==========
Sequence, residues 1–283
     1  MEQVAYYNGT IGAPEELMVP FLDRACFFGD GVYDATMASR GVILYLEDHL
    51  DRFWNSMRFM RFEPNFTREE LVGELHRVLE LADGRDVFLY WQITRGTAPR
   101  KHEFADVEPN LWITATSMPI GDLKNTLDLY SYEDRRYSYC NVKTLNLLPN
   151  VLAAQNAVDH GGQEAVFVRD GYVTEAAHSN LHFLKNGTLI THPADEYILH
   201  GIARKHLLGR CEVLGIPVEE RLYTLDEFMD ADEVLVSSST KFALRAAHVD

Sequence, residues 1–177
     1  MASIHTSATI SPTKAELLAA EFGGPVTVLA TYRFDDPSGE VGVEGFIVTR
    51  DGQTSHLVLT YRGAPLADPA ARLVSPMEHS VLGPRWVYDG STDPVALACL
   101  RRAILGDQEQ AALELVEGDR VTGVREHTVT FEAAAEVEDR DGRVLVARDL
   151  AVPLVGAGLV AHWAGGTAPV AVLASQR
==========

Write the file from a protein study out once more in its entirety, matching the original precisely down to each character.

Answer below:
Sequence, residues 1–283
     1  MEQVAYYNGT IGAPEELMVP FLDRACFFGD GVYDATMASR GVILYLEDHL
    51  DRFWNSMRFM RFEPNFTREE LVGELHRVLE LADGRDVFLY WQITRGTAPR
   101  KHEFADVEPN LWITATSMPI GDLKNTLDLY SYEDRRYSYC NVKTLNLLPN
   151  VLAAQNAVDH GGQEAVFVRD GYVTEAAHSN LHFLKNGTLI THPADEYILH
   201  GIARKHLLGR CEVLGIPVEE RLYTLDEFMD ADEVLVSSST KFALRAAHVD

Sequence, residues 1–177
     1  MASIHTSATI SPTKAELLAA EFGGPVTVLA TYRFDDPSGE VGVEGFIVTR
    51  DGQTSHLVLT YRGAPLADPA ARLVSPMEHS VLGPRWVYDG STDPVALACL
   101  RRAILGDQEQ AALELVEGDR VTGVREHTVT FEAAAEVEDR DGRVLVARDL
   151  AVPLVGAGLV AHWAGGTAPV AVLASQR